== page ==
The complexity of neural circuits has posed tremendous challenges for treating neurological and psychiatric disorders. Optogenetics is a technique that relies on rhodopsin proteins which transport ions across the cell membrane in response to light for the control of neural activity and has the potential to revolutionize neuroscience and medicine by addressing some of these challenges. While optogenetics has already contributed to our understanding of Alzheimer’s disease, Parkinson’s disease, stroke recovery, seizures, addiction, psychiatric disorders, and numerous social behaviours, there are impediments to this technique and several issues preventing its adoption in clinical applications.
Dr. Harris’ PhD research in Biophysics at the University of Guelph in Guelph, Ontario, Canada, focused on the identification and characterization of a new group of unusual inward-proton pumping rhodopsins from Antarctica. For his postdoctoral work based at the Weizmann Institute of Science, he will leverage his knowledge of rhodopsins to expand the capabilities of optogenetics in collaboration with a microbial ecology lab at the Technion and a computation chemistry lab at The Hebrew University of Jerusalem. As part of this Center of Excellence, funded by the Israel Science Foundation, Dr. Harris will characterize novel rhodopsins and expand on bioluminescent optogenetics to provide the community with a rich set of tools that will open new avenues in neuroscience and medicine.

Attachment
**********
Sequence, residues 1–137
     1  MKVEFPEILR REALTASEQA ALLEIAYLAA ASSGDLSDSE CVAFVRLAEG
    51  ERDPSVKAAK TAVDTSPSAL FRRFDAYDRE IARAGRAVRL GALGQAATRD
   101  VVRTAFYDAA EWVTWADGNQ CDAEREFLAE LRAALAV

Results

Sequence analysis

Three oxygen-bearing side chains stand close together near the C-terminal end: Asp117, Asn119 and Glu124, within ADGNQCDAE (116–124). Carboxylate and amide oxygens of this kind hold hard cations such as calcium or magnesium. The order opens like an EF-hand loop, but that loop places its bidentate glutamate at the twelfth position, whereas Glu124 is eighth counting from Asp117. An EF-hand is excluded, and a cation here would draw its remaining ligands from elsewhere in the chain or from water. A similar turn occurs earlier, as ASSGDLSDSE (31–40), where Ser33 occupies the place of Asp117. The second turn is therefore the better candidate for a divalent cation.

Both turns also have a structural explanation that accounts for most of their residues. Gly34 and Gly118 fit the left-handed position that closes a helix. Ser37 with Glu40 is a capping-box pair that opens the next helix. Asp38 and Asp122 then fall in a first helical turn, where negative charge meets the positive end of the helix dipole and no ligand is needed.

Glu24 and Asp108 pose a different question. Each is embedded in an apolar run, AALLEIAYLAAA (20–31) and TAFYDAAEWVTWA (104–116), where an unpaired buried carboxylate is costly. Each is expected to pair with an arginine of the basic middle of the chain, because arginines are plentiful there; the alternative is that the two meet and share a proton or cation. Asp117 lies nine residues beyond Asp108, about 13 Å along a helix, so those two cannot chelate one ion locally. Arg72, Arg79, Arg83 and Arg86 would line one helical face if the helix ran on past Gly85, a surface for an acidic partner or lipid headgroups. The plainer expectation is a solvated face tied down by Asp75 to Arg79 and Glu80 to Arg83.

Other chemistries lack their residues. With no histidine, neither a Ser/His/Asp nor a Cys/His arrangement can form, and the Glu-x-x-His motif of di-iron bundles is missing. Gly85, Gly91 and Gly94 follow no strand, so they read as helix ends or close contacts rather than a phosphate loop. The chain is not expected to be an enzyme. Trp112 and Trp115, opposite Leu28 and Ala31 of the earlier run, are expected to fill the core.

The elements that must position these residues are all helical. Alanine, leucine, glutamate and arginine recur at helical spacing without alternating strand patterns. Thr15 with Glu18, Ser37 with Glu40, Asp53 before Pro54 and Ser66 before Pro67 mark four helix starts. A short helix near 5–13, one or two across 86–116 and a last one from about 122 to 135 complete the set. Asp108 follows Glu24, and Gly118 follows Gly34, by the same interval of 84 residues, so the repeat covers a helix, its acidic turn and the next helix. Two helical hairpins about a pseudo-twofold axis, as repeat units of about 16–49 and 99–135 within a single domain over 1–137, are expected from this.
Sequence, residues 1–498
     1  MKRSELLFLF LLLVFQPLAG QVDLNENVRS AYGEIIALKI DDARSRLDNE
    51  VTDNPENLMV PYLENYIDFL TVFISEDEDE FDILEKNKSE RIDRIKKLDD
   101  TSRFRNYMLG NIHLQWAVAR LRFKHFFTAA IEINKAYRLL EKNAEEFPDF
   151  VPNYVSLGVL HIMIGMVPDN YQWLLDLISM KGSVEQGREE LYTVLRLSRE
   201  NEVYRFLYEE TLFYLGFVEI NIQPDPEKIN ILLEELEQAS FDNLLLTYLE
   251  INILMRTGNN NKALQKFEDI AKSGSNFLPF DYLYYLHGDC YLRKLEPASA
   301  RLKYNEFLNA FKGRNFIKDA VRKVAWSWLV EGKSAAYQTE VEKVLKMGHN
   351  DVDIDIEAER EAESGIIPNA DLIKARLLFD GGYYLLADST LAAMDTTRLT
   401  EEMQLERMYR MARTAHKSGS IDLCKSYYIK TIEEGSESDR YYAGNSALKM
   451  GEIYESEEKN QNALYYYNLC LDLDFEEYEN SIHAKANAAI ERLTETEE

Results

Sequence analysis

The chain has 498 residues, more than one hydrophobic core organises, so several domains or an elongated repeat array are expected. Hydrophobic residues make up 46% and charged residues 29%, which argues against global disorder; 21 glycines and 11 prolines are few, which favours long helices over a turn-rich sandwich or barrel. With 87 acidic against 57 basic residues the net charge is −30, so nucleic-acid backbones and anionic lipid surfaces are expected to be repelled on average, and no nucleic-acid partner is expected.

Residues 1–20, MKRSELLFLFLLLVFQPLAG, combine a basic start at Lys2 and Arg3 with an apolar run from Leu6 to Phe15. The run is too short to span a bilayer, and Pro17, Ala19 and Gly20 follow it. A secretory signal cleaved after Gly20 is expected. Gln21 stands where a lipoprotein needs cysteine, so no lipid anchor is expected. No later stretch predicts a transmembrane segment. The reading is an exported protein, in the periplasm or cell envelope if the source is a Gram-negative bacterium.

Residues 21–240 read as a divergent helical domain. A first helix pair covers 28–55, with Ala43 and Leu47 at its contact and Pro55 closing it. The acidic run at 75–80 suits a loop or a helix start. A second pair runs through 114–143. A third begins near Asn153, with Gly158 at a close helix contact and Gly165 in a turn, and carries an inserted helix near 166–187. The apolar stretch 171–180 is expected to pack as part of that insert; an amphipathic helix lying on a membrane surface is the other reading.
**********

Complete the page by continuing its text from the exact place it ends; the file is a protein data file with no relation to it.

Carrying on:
Dr. Harris hopes this research will lead to a better understanding of brain function and disease management and help to alleviate some of the barriers to clinical application. He plans to expand the field of optogenetics in Canada and hopes the Zuckerman fellowship will open the door to quality research collaborations between Canada and Israel.